In the past year, according to the human rights group Licadho, police in Banteay Meanchey province beat a man with a wrench and hung him upside down from the ceiling during an interrogation, a young domestic servant in Phnom Penh was forced by the woman who employed her to mutilate herself with a knife and a mentally ill man was beaten to death in front of police and commune officials in Kandal province by a mob that mistook him for a thief.
“It doesn’t mean these are the only three examples,” said Kek Galabru, Licadho’s president. “It happens often.”
Licadho made public these cases of torture to mark UN International Day in Support of Victims of Torture. Tuesday is the anniversary of the UN Convention Against Torture in 1987. Cambodia ratified the Convention in 1992, but torture still exists in the country, said Kek Galabru.
“Torture is a central part of the criminal justice system in Cambodia, tolerated at all levels,” Kek Galabru said. Licadho has called for the criminal code to reflect the police’s use of torture by banning police confessions in the courts.
Om Yentieng, an adviser to Prime Minister Hun Sen, said Licadho’s allegations were either exaggerated or baseless.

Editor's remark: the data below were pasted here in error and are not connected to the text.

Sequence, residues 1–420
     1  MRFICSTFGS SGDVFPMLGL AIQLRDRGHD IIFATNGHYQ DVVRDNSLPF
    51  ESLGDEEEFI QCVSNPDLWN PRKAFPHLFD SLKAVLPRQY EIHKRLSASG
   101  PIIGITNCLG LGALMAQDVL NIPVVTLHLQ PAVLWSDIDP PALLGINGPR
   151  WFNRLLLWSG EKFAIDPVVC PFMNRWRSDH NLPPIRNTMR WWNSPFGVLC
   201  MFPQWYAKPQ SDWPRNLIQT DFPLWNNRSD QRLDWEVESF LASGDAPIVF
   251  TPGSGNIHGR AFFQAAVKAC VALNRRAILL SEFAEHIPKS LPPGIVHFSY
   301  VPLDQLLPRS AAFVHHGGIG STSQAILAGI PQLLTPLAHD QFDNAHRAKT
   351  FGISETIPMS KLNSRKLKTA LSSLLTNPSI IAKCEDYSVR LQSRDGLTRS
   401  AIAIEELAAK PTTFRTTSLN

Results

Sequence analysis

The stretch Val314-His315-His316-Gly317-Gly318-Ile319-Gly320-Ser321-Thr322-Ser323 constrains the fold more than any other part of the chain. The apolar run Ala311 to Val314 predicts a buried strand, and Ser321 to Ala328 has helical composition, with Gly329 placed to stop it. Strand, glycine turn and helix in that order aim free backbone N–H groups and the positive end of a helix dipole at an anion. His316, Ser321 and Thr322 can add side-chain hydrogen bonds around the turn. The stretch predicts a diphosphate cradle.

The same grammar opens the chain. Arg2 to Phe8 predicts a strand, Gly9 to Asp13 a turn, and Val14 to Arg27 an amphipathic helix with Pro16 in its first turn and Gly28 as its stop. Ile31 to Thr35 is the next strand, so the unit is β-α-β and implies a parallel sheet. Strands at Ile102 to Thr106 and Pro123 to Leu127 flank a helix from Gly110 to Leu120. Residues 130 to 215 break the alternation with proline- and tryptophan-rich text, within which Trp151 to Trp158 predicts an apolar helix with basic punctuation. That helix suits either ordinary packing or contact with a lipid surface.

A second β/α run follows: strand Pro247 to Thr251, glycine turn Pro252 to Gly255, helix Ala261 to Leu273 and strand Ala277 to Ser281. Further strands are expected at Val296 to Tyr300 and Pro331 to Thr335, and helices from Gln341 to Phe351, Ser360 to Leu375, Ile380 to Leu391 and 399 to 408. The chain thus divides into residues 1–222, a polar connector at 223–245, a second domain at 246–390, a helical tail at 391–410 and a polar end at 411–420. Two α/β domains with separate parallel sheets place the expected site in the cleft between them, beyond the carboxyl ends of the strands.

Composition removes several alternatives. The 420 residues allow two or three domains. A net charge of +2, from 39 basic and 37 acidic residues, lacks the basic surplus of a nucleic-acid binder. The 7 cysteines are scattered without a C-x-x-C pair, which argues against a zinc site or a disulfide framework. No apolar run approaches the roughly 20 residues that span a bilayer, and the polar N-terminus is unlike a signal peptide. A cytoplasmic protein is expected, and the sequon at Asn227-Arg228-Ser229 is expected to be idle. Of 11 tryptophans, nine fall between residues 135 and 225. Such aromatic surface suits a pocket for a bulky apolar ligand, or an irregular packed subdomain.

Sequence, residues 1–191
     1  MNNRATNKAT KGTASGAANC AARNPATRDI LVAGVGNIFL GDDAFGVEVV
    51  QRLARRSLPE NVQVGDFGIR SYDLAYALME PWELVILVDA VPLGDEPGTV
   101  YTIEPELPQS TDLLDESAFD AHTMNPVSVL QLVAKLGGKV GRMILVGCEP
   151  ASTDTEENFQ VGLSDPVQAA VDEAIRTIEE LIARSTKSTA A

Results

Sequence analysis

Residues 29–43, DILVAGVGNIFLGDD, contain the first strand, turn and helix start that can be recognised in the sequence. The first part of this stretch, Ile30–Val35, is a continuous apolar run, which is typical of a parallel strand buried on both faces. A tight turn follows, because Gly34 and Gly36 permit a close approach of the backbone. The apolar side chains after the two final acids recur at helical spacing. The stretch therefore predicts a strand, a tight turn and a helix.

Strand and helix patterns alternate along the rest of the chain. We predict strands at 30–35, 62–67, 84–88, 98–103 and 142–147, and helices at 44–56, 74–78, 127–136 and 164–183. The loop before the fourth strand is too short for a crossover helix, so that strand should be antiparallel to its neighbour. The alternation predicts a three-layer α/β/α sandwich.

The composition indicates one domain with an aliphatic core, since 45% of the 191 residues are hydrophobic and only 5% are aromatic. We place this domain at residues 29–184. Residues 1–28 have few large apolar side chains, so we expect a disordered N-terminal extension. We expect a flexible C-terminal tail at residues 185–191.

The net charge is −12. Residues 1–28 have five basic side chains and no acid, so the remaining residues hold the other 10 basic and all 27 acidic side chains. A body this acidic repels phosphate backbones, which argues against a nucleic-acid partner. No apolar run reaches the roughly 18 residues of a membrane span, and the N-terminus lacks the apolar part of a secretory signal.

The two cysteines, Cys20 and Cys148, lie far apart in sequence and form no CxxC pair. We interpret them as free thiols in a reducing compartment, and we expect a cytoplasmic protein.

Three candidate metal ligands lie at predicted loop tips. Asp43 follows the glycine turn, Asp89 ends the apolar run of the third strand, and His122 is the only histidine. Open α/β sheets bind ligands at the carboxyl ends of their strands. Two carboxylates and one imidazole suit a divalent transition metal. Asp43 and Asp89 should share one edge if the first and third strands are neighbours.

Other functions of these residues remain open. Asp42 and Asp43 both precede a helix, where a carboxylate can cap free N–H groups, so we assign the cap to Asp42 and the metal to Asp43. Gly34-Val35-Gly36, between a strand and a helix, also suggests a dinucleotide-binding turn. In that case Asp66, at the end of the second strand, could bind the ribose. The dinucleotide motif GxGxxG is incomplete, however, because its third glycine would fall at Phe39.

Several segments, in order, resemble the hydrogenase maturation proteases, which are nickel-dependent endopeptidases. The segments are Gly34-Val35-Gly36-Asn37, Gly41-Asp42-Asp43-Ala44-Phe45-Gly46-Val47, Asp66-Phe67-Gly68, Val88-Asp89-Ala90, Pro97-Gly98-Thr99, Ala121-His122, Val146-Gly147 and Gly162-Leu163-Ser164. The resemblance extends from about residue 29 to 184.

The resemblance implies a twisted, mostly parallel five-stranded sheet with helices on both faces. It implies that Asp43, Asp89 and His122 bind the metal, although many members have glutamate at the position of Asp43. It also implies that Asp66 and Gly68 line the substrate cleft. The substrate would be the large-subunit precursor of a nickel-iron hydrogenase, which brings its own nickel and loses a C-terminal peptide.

He said one alleged torture in Battambang province turned out to be untrue when the government investigated, but Licadho released a report on it anyway. As for the use of confessions, Om Yentieng said that the “court is not blind, the court has never relied on the confession. The confessions that come from beatings are withdrawn. I think that Licadho should not concern itself so much about this matter.”
Khieu Kanharith, secretary of state at the Ministry of Information, noted that the government has brought in Licadho to conduct human rights classes with the police.
Last year Licadho conducted interviews with more than 2000 former prisoners, 17 percent of them said they had been tortured in custody.